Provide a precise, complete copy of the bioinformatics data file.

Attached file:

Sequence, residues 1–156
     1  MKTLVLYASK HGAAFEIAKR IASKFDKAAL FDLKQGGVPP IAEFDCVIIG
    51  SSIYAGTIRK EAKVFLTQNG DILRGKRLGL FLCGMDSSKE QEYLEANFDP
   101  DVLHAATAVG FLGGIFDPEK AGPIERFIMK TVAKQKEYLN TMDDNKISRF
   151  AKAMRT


Sequence, residues 1–156
     1  MKTLVLYASK HGAAFEIAKR IASKFDKAAL FDLKQGGVPP IAEFDCVIIG
    51  SSIYAGTIRK EAKVFLTQNG DILRGKRLGL FLCGMDSSKE QEYLEANFDP
   101  DVLHAATAVG FLGGIFDPEK AGPIERFIMK TVAKQKEYLN TMDDNKISRF
   151  AKAMRT